A Passage to Peace: Global Solutions from East and West

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I. B. Tauris, Dec 9, 2008 - Philosophy - 256 pages
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"The seas do not separate us; rather, they bring us closer together." Daisaku Ikeda's opening words to this consistently wide-ranging dialogue set the scene for what follows. For the theme of the book is that of the meeting of minds that follows interaction between peoples who might be geographically distant but who share much in common. Reflecting on his memories of standing on the shores of the Bosphorus, gazing at the adjacent coastlines of Europe and Asia, Ikeda explores the symbol of diversity represented by the cosmopolitan city of Istanbul. The city in which his fellow discussant, distinguished social anthropologist Nur Yalman, grew up, remains an icon of ethnic plurality. This reflection leads the authors towards lively conversation on the customs and cultural mores shared by Japan and Turkey: two countries which historically stand at opposite ends of the great trading route that was the Silk Road, but which have old traditions of reciprocity and friendship. At the heart of the dialogue lies the discussants' mutual commitment to what they characterize as "soft peace," or the attempt to resolve conflict through empathic engagement with those who hold alternative views. Touching on such vital themes as inter-religious dialogue, education, the environment and those common aspects of humanity which all persons share, A Passage to Peace represents an inspiring and hopeful contribution to the fields of ethics, peace studies and religion.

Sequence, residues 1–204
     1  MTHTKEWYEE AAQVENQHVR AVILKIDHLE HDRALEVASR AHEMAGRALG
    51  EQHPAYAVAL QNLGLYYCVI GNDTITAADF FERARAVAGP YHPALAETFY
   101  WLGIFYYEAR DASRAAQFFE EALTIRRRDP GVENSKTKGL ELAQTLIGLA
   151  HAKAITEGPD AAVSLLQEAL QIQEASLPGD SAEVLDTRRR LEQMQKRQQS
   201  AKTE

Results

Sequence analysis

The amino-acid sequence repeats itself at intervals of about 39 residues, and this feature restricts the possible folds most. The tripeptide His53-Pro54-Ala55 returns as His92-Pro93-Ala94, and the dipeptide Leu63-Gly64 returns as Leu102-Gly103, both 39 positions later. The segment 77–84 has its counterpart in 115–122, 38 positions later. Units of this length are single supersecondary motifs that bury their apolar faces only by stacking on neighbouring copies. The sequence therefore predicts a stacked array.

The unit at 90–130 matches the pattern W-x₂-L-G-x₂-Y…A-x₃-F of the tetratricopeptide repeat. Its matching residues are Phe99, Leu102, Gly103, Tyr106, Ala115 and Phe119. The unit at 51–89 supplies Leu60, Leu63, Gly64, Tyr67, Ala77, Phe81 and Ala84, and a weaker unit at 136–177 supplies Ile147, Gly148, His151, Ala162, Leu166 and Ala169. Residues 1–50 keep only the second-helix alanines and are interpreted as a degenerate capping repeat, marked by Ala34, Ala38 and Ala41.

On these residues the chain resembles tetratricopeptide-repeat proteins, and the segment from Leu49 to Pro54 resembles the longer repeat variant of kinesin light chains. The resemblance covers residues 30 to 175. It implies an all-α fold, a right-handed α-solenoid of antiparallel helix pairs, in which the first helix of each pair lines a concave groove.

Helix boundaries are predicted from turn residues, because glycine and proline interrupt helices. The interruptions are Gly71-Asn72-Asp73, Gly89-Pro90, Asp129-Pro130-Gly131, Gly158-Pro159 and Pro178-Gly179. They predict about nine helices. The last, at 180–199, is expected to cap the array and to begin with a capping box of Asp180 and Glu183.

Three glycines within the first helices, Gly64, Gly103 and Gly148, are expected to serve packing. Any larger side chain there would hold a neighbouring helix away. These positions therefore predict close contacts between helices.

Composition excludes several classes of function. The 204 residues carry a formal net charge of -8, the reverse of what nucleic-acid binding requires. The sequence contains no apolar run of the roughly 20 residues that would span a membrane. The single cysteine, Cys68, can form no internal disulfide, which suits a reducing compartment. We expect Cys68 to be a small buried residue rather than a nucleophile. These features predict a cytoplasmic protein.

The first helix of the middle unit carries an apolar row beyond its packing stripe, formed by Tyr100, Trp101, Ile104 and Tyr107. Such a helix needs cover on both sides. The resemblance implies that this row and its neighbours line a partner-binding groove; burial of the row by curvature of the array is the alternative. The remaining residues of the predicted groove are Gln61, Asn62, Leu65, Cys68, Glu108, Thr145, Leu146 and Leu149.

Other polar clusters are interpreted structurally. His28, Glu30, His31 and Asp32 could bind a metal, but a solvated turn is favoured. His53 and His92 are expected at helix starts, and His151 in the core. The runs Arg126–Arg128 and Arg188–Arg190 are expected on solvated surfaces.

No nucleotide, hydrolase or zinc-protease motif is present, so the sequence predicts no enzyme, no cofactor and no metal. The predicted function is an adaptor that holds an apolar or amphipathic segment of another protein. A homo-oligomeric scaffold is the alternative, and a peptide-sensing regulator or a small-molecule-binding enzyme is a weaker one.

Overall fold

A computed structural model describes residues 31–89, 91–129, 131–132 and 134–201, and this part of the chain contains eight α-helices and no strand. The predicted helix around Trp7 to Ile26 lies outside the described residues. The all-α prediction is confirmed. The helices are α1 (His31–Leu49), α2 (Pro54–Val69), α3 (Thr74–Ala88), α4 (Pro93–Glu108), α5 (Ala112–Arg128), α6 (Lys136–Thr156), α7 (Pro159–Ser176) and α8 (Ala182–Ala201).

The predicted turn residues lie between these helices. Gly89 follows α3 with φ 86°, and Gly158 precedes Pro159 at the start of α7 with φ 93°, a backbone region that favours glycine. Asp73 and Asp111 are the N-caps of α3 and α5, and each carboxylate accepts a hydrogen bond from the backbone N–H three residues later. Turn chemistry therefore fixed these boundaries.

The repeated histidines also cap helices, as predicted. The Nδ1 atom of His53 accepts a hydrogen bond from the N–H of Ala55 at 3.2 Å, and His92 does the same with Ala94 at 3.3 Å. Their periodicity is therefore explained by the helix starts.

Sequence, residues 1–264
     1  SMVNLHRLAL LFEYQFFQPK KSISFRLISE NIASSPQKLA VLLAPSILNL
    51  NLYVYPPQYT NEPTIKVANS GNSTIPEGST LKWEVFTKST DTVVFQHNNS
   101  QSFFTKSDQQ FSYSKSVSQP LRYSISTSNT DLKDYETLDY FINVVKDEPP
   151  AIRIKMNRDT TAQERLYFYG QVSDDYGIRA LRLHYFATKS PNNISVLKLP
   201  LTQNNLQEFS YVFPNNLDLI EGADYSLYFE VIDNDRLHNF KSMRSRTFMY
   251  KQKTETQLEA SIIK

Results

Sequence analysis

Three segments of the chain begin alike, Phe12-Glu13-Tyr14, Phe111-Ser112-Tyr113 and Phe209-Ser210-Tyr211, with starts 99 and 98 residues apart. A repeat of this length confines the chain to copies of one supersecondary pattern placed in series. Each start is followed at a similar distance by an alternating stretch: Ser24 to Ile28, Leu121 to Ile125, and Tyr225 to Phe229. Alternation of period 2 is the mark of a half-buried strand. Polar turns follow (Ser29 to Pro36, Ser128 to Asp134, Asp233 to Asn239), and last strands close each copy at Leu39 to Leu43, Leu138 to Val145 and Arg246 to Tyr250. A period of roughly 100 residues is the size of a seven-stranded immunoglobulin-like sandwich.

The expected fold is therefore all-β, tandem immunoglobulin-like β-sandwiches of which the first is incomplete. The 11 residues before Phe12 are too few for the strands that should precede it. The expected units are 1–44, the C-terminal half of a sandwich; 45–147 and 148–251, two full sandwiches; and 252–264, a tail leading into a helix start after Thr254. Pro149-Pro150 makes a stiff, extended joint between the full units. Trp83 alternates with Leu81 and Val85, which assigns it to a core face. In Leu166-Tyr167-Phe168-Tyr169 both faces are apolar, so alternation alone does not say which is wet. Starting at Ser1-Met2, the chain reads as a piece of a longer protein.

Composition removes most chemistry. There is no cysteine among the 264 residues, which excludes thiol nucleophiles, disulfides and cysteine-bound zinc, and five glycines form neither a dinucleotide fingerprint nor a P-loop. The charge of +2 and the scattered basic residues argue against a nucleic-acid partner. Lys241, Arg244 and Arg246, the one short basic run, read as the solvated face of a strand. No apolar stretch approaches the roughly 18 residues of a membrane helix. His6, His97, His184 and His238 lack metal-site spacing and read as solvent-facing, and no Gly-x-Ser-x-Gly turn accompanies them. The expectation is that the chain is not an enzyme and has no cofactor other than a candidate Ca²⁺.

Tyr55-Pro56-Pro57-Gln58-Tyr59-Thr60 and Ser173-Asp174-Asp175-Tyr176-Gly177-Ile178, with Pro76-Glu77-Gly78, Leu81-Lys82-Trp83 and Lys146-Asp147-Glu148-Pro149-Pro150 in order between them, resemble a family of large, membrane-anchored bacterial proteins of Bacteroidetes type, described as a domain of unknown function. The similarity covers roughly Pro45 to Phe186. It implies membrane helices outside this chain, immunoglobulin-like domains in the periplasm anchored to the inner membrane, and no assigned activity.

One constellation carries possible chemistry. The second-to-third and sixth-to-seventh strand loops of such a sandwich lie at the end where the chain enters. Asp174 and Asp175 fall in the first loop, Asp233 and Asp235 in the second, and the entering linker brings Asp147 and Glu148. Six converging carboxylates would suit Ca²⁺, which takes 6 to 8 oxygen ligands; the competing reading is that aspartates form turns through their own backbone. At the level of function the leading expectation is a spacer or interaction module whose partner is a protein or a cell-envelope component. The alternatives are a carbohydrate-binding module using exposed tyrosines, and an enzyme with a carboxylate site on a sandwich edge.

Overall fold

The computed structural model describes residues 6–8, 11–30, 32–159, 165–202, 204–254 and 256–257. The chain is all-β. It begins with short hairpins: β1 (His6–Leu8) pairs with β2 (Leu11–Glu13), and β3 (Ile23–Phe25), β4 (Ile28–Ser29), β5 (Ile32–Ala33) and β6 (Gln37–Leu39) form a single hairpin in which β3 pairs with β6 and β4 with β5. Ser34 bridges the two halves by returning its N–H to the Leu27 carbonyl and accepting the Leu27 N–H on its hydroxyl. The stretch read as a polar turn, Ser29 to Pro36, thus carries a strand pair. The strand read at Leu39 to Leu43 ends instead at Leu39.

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Contents

One Cultural Resonances
1
Two Loyalty to All Humanity
19
Three Peace Within and Without
33
Copyright

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ahimsa Ankara University Arab Arabic script Ashoka Asia Asian aspects Atatiirk Ataturk Averroes Baghdad become Bernard Lewis Bhumibol Adulyadej bodhisattva Bosporus Buddhism Byzantine Empire Central Asia China Chinese Christian civilization clash of civilizations Claude Levi-Strauss Club of Rome conflicts countries create cultural anthropology Daisaku Ikeda dialogue diversity Dr Yalman empathy ethnic Europe European exchanges French French Revolution global Hagia Irene Hagia Sophia Hajj hard power Hinduism Human Rights Ibn Rushd idea important India individual International Criminal Court Iran Iraq Islamic Islamist Istanbul Jainism Japan Japanese Japanese poetry Jean-Jacques Rousseau Jews Josei Toda Kemal kind Kokin Wakashu Konya languages Latin alphabet leaders Linus Pauling lives Lotus Sutra Lu Xun Magna Carta Mahatma Gandhi Mahayana Buddhism Maitreya Meiji Restoration Middle East military modern Mongol Mori Motonari Moses Finley Muslims mutual understanding Nichiren Nur Yalman Orhan Pamuk Osama bin Laden Ottoman Empire peace Peking University philosophy poet political president problems reforms religion religious Republic of Turkey respect Revolution Rumi Samuel Huntington Saudi Arabia Second World War Seljuk Empire sense shakuhachi Shakyamuni Sikhism Silk Road Simone Weil society soft power Soka Gakkai International Soka University spirit Sri Lanka Sufi sultan symbiosis Syria Talal of Jordan teachings terror terrorist Theravada Toda Institute Tokyo Topkapi Palace Toynbee traditions Treaty of Sevres true Tsunesaburo Makiguchi Turkey and Japan Turkish Turkish language Turks twenty-first century ulema United Nations Wakayama Prefecture West Western World War Yasar Kemal Yunus Yunus Emre Zhou Enlai Ziya Pasha

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